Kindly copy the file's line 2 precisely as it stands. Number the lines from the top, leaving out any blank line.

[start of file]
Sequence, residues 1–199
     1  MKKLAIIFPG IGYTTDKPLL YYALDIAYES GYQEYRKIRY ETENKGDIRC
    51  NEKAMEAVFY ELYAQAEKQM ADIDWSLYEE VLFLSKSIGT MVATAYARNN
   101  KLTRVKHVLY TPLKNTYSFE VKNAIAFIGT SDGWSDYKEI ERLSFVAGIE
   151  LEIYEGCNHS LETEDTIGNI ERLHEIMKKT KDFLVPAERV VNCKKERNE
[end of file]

     1  MKKLAIIFPG IGYTTDKPLL YYALDIAYES GYQEYRKIRY ETENKGDIRC